- Yuta Watanabe — 6’9” — 215 lbs.
- Josh Okogie — 6’4” — 213 lbs.
- Jordan Goodwin — 6’3” — 200 lbs.
If that’s the top 9, the average size across the lineup drops to 6’6” and 219 lbs. The starting lineup is actually bigger than the past few years, but three of the top four projected backups are 6’4” or shorter.
Could the 7’2” 220 lbs. Bol Bol get more minutes than Goodwin? or 6’8” 220 Toumani Camara? Sure. Depends on the health of the top guys. Booker, Beal and Gordon might not leave enough minutes on the table for both Okogie and Goodwin to get a lot of run, opening the door for a front court player to get solid minutes in that 9th position.
The Suns are not big, but they’ve never been big. They have been playing an undersized power forward for years, and they’re bigger now at small forward (Durant vs. Bridges) and point guard (Beal vs. Paul). This year’s starting lineup will be bigger than we’re used to seeing, but the overall rotation is not going to intimidate teams with size.
Here’s the silver lining — the new Suns have higher free throw and rebound rates vs. the departed, and shoot the three just as well. None of this is earth-shattering, but we will likely see the Suns higher up the boards in free throw attempts (29th last year) and defensive rebounds (21st).
Adjusting for expected minutes played, the imported Suns are twice as likely to get to the free throw line, probably pushing them up into the top half of the league, and more likely to grab the rebound. Projections are conservative, based on career free throw and rebound rates of imported Suns vs. the departed’s numbers (career highs, for the most part) last season.
Does that mean the Suns will win more than last year’s 45 games? Probably. Heck, let’s be honest — last year’s Suns would have won more than 45 if they hadn’t suffered so many injuries to so many important players. Remember, Jae Crowder missed the whole season, Cameron Johnson missed four months, Booker missed two months and Chris Paul missed almost as much. Add in Landry Shamet and Cam Payne missing more than a month each, and last year was tragically comical.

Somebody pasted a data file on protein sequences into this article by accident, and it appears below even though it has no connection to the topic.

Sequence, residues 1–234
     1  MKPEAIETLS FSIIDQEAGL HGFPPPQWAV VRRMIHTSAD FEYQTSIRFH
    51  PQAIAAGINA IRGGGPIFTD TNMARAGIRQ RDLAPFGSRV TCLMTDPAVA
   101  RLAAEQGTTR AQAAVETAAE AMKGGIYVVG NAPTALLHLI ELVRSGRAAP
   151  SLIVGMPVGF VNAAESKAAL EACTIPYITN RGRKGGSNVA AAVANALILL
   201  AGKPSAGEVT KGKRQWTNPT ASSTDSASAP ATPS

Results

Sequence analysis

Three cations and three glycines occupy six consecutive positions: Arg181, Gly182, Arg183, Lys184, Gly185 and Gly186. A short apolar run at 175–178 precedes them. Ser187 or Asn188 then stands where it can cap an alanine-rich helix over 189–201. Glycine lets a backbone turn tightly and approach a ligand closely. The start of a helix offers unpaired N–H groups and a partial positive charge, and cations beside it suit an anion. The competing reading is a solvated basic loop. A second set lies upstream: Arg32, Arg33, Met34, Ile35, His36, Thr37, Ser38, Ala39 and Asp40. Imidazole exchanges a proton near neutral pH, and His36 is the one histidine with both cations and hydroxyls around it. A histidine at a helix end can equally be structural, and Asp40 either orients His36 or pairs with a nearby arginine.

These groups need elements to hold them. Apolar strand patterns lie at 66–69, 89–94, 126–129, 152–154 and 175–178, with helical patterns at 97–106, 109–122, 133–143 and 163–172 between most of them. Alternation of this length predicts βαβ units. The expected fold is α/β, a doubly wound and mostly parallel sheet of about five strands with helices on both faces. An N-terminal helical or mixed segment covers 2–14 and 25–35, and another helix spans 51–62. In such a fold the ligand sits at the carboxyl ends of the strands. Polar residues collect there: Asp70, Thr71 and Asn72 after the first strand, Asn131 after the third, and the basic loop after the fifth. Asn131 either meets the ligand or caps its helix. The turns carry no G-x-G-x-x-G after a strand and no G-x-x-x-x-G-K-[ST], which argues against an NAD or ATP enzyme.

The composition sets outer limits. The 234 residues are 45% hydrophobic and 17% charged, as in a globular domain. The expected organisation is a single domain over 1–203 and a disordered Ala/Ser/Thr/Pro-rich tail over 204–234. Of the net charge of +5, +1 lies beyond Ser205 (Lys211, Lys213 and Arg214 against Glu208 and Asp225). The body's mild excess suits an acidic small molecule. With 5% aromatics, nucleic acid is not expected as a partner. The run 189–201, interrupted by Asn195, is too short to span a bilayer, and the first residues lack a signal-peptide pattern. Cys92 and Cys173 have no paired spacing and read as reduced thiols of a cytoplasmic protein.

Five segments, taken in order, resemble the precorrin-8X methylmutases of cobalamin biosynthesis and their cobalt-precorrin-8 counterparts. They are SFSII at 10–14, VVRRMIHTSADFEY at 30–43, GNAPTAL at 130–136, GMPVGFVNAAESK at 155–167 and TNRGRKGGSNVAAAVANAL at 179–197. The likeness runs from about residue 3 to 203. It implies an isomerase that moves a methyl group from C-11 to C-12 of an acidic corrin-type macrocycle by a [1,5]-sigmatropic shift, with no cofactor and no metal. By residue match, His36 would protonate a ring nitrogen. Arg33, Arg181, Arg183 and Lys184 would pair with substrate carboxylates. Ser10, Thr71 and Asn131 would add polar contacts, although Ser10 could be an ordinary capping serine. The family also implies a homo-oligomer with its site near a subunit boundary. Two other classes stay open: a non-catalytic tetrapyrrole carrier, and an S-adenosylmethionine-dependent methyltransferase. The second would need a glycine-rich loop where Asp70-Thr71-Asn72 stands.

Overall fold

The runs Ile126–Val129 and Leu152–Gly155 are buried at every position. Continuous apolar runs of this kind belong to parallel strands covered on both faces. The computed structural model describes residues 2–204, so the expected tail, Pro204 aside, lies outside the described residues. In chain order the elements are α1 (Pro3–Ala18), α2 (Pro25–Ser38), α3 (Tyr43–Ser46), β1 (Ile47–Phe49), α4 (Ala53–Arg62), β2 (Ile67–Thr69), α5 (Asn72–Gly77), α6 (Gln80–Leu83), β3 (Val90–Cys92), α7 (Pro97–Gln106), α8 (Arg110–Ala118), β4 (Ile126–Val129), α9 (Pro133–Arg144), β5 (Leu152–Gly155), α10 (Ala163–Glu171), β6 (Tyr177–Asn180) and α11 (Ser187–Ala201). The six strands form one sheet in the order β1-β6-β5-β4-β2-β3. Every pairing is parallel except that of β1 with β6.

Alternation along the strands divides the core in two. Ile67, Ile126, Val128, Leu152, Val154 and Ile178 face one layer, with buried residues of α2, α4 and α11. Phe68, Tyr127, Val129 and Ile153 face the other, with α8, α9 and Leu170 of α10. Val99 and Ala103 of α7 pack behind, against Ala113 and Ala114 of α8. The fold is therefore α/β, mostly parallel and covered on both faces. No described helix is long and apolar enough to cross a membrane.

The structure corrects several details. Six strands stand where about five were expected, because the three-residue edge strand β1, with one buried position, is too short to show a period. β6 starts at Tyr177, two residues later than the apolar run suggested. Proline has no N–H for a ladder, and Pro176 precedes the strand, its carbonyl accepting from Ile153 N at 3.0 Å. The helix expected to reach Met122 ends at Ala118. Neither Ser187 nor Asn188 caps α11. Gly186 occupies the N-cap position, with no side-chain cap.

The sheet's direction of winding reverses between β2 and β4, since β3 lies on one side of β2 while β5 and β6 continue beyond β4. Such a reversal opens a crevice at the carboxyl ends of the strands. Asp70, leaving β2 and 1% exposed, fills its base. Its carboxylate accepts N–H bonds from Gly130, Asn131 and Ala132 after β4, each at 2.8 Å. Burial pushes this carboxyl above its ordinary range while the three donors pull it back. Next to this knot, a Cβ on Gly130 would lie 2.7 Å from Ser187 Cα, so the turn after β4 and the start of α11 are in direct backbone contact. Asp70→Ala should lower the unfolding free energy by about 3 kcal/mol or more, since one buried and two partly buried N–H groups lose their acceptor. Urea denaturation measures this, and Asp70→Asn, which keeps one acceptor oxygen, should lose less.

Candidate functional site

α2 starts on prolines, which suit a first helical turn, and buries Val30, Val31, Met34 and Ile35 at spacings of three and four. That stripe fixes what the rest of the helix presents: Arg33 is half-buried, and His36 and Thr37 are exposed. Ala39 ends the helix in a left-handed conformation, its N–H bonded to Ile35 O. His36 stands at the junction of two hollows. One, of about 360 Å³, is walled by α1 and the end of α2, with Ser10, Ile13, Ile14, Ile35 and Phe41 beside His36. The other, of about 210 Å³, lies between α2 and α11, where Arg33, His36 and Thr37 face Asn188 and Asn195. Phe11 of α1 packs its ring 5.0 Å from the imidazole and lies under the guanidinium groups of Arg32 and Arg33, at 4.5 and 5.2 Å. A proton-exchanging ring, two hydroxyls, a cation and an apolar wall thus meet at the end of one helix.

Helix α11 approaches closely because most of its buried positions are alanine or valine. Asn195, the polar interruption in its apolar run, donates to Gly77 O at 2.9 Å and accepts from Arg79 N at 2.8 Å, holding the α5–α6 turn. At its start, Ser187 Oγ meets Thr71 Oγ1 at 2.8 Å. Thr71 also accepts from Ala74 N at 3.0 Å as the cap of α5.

This year’s team is better than the one that began last season, right? The one that was supposed to win 55 or more games?
We’ve got three clear upgrades, at least for the 2023-24 season:
- Bradley Beal > Chris Paul — second-best guard on the roster produces 30 a night (points + point off assists)
- Kevin Durant > Mikal Bridges — do-everything, high-minute small forward who always ‘wins’ his nightly matchup
- Eric Gordon > Landry Shamet — shooter off the bench who can spread the floor with threes off the angle, with a sprinkle of playmaking in their bag
There is definitely one downgrade...
- Yuta Watanabe < Cameron Johnson — three-point bomber off the bench, makes everything from the corner, long enough to hold up at forward, doesn’t get embarrassed defensively, but can be a bowling pin if defending a post-up player
But everyone else is kind of a wash, right?
- Drew Eubanks = Jock Landale = Dario Saric = Frank Kaminsky — second or third big man, hustler, good touch around basket, blocks the occasional shot, gets in foul trouble
- Jordan Goodwin = Cam Payne — combo guard, table setter in second unit, high energy placeholder until starters come back, can hold his own as a short term starter
- Jae Crowder = Torrey Craig = Keita Bates-Diop — small forward just big enough to spot time against bigger players, can make the open three but not reliable
- Chimezie Metu = Udoka Azubuike = Bismack Biyombo — high energy backup big, looks great in short minutes
The two wildcards are Bol Bol and Toumani Camara. While all the other players in the rotation are basically copies of each other, these two guys are just different. Camara has some bulk that others don’t have, while Bol has length rivaled only by Ayton. Neither is a real NBA player right now, but if they can develop into something they would bring a dimension the Suns haven’t had.
It’s gonna be an interesting season, Suns fans!